The military has described these as the acts of a few, but there is evidence the abuses go beyond the MPs to include military intelligence officers who were in charge of interrogating the prisoners, reports CBS News National Security Correspondent David Martin. One prisoner died at Abu Ghraib during interrogation by the CIA, and the agency's inspector general is now investigating the circumstances.

Sen. Chuck Hagel, R-Neb. said the concern goes beyond the actions of a few soldiers.

"There is a bigger issue here," Hagel said Tuesday on NBC. "Was there an environment, a culture that not only condoned this, but encouraged this kind of behavior? We need to look well beyond just the soldier. Who was in charge? Was there a breakdown in command here?"

In Baghdad, an Iraqi camera operator for Al-Jazeera television, Suhaib al-Baz, said he was mistreated during 74 days in U.S. custody after he was arrested last November for allegedly having prior information about an insurgent attack.

"'You journalists might be respected by others but not me,'" al-Baz quoted an American interrogator as telling him. "He pushed me on a flat seat, kept the bag over my face while my hands were bound. He stepped on my knees with his boots."

Al-Baz said that when he asked for permission to pray, "he hit me many times on my shoulder, knocked me against the wall and put his fingers on top of my eyes while pressing me against the wall."

He said the interrogator told him to forget about his employer because "you will be sent to Guantanamo," referring to the U.S. detention center in Cuba.

The six soldiers facing criminal charges are from a unit based in Cumberland, Md. There, families of some of those charged say their loved ones were following orders and have been treated unfairly.

Daniel Sivits, of Hyndman, Pa., said his son, Spc. Jeremy C. Sivits, 24, who faces a possible court-martial, wasn't prepared for prison-guard duty. "Jeremy is not a trained MP. He is a trained wheeled-vehicle mechanic," he said.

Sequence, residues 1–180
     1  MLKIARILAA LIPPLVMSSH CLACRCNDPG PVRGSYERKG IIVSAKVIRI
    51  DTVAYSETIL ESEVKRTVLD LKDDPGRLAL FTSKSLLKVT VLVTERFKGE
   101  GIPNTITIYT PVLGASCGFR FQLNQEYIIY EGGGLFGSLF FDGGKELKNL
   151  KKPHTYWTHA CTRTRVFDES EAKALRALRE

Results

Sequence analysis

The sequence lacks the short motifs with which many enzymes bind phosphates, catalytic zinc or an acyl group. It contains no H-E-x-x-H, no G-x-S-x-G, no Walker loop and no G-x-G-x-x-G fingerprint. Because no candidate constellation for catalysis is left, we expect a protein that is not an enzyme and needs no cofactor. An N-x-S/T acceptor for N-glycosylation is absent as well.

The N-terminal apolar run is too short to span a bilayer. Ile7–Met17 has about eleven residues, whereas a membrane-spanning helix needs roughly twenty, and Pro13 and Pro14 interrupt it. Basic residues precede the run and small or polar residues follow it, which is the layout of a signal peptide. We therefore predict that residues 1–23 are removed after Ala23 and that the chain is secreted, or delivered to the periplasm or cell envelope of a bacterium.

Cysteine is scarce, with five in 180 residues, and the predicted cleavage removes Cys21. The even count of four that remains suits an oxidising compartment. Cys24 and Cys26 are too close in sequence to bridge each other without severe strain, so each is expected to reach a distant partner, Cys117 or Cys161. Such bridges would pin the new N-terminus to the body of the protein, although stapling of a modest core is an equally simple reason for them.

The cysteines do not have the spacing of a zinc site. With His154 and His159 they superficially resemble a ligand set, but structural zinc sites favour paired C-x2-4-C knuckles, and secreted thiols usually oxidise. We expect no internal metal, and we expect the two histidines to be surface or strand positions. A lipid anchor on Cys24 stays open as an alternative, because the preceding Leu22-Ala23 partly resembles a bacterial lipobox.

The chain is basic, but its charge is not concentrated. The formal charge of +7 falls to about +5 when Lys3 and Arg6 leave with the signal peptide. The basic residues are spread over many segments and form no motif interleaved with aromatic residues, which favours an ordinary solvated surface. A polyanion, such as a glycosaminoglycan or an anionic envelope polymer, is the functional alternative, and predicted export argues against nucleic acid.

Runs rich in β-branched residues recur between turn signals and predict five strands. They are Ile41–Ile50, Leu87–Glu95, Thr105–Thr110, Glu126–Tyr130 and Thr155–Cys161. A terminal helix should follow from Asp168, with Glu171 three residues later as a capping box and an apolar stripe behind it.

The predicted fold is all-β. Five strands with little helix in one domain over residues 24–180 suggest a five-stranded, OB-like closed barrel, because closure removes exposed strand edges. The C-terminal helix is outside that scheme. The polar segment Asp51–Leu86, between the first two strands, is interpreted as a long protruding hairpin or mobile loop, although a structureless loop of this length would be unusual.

Brigadier General Janice Karpinski, the former commander of U.S. prisons in Iraq, insists the guards were taking orders not from her but from military intelligence officers.

"They are trying to make it look like this was typical of our operations," Karpinksi said. "I think there's a shared responsibility that's not being mentioned."

Long before he was charged with any crime, Sgt. Chip Frederick, one of the guards now facing court martial, sent e-mails home saying, "military intelligence has … told us great job … We help getting them - the prisoners — to talk with the way we handle them."

Two army reservists discharged last year over allegations they mistreated Iraqi prisoners said many of the soldiers serving at POW camps get insufficient training in how to interact with detainees.

Lisa Girman and Timothy Canjar, both formerly with the Pennsylvania-based 320th Military Police Battalion, said reservists guarding enemy prisoners are thrust into duty with little or no instruction in the use of force in controlling prisoners.

"You could absolutely see the dangers in the direction that the chain of command was taking this operation," Girman, a former master sergeant, said in a telephone interview Monday. "It was going to end messy, one way or another."